The palace through the centuries

The palace through the centuries

Places narrate, houses listen, buildings "remember". There is a profound connection, an intimate relationship between the physical structure of a city and its social fabric: between what is tangible, such as monuments and buildings, and what is intangible, such as stories and traditions. Imagine stopping for a moment to peer through the cracks of this building: through the power of imagination, you can perceive the ideas, the dreams, the life that animated these rooms. You can feel the warmth of the hands that have touched these walls, and breathe in the vital energy that comes from the past. Doesn’t each stone that makes up a building represent the singular combination of a will, of memory and sometimes even of a challenge...? The history of this building is the result of a continuous process of extensions, constructions, stratifications, demolitions, transformations. Indeed, it is the result of new projects, new uses and new visions that have followed one another over time and that continue to animate it today.


In the fourteenth century, the area now occupied by the Palazzo dei Musei was integrated into the urban environment thanks to the construction of the new city walls. The new monastic complex was born from the union of the Apostolic Friars and the Hermits, under the rule of St. Augustine. The area was owned by the community and the monks had to live side by side with uses of the spaces, such as a pig market which were less than religious. The area where the church and monastery stood was owned by the Community and the monks had to live with uses of the places that were not suitable for worship and prayer, such as the pig market. From the seventeenth century, the church became the pantheon, the burial place of the members of the House of Este.


In 1549, one of the cloisters of St. Augustine was transformed into a factory for the production of gunpowder, with spaces allocated to stables and quarters for soldiers. Over time, the area expanded progressively, also to include a facility for the processing of saltpetre, essential for the production of the black powder. The era of the "saltpetre works" ended in 1756, with the construction of the military arsenal. It is thought that the arsenal had an L-shaped plan. Inside there was a courtyard surrounded by buildings on two sides, with a section dedicated to the furnaces for casting cannons. In 1764 it was demolished to make room for the Gran Hotel for the Poor, marking another significant phase in the history of this place of multiple transformations.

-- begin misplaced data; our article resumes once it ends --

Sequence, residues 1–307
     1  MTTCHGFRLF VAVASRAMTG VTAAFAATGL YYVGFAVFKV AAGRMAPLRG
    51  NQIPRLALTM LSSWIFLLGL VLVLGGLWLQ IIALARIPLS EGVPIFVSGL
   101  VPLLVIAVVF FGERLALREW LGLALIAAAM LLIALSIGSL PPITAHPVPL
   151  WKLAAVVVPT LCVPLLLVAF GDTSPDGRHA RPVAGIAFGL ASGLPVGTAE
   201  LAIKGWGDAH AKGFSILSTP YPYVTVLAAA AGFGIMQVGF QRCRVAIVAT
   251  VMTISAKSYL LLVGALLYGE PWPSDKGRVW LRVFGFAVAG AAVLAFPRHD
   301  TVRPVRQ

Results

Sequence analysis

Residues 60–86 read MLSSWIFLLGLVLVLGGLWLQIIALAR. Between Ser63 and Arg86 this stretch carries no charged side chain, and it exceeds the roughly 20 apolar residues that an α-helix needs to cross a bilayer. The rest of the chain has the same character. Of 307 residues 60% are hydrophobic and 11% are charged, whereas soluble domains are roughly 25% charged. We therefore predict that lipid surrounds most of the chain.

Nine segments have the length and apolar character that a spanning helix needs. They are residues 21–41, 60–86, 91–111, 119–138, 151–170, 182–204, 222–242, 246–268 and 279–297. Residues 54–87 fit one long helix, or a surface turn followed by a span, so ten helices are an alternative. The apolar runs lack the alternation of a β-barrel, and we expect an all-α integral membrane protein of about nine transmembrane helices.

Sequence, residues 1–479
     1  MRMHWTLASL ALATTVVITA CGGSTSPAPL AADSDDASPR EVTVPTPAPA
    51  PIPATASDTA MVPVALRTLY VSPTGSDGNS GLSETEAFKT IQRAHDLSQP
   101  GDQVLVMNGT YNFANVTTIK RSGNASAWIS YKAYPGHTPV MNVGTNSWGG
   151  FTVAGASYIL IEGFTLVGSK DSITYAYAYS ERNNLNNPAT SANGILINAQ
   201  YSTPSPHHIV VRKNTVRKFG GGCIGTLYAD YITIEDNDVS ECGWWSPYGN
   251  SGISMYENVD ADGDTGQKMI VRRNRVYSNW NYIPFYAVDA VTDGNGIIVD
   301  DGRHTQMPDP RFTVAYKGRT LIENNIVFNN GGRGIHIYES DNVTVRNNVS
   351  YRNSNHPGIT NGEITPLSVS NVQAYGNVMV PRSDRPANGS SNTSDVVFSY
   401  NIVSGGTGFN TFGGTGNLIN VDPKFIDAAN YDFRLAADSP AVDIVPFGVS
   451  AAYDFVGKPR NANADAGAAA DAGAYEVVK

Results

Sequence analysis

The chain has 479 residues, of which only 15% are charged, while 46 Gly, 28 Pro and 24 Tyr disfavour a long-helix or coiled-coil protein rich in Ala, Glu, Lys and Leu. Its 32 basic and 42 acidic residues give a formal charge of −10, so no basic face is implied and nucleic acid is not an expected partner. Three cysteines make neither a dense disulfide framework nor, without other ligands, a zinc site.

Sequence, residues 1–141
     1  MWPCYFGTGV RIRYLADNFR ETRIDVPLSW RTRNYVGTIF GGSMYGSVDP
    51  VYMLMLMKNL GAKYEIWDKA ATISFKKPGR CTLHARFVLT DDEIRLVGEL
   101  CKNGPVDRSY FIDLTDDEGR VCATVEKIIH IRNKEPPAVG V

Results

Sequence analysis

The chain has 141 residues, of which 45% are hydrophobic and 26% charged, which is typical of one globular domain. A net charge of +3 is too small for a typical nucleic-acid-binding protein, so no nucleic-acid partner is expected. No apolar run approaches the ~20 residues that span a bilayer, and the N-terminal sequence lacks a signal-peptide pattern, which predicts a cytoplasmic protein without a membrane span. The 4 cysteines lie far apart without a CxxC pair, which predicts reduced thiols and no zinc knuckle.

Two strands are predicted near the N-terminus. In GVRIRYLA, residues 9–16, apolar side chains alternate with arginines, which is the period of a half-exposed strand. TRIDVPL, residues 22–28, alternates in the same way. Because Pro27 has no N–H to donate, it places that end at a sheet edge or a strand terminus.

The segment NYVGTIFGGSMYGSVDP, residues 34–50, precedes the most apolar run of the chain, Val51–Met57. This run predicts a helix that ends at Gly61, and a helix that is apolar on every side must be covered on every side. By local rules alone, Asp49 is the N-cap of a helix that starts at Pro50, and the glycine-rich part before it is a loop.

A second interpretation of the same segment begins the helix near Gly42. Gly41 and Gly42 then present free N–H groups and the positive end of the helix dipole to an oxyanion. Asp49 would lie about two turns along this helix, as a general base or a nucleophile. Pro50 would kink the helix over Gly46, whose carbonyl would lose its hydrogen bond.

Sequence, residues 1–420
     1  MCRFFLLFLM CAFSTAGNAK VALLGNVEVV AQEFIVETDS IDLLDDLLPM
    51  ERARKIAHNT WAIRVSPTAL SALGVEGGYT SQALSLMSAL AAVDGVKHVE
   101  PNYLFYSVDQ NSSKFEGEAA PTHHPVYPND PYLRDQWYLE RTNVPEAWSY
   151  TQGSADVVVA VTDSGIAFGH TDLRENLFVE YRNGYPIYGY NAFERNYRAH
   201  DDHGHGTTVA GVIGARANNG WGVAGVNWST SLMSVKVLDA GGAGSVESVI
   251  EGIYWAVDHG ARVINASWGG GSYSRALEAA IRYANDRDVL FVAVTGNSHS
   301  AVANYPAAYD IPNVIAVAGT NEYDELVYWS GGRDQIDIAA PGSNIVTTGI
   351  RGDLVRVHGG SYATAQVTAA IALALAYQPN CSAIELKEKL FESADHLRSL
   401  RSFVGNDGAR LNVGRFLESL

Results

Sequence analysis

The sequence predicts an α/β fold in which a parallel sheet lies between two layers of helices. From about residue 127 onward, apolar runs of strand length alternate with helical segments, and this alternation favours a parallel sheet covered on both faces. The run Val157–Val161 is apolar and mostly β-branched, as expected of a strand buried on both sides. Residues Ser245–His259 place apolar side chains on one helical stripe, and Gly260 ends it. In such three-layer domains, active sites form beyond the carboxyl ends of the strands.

In the mid-1700s, thanks to the bold urban and building reforms promoted by Francesco III d’Este, the city of Modena was transformed into a small capital. This period represents an extraordinary concentration of ideas and principles that marked an era and an entire civilization. The views and engravings of the city, immortalized by Guglielmo Silvestri in 1791, show the results of the reforms conceived by Ludovico Antonio Muratori, one of the most eminent intellectuals of the century, and implemented with determination by Duke Francesco III d’Este, his pupil. Among his many initiatives, Francis III commissioned the construction of the Great Hospital in front of the Church of Sant'Agostino, and the Hotel of the Poor in 1764. The architect Pietro Termanini was entrusted with the task of designing and supervising the work on the new building. This imposing complex could accommodate around 700 people with rooms separated strictly by gender. Men, women and orphans were all employed in the small internal factories. There were textile works and factories for the primary treatments of raw silk, artisanal tailors, shoe workshops also intended for military use and glove-making and embroidery workshops

THE HOTEL OF ARTS (1788-1872)

The purpose of the new building was soon questioned. New regulations approved in 1788 by Duke Ercole III, the son of Francesco III, led to its transformation into the Hotel of Arts. The vast rooms were transformed into factories where residents had the opportunity to learn and practice arts and crafts. With the Napoleonic reforms, the hotel was closed and the Congregation of Charity was established, with the introduction of the Shelter House, part of which was adapted to be used as military barracks. With the return of the archducal government, in 1828, during the debate concerning the location of the future Lapidary Museum required by Francesco IV of Austria Este, it was decided the material was to be exhibited under the arcades of the first courtyard of the Hotel of Arts. The first Museum in Modena.


In 1834, construction began on a hospital in the southern part of the complex. Over the years, other hospital functions were added, progressively expanding the facilities to accommodate an ever-increasing number of patients, including the elderly and the disabled. Since 2004 the hospital functions have been progressively transferred to the new Hospital in Baggiovara.


After the Unification of Italy, a lively debate on the future structure of public cultural institutions designated this imposing building as the ideal place to bring together the main cultural institutions of the city. It was a fundamental moment, the first step towards a new project: that of the Palazzo dei Musei in Modena.

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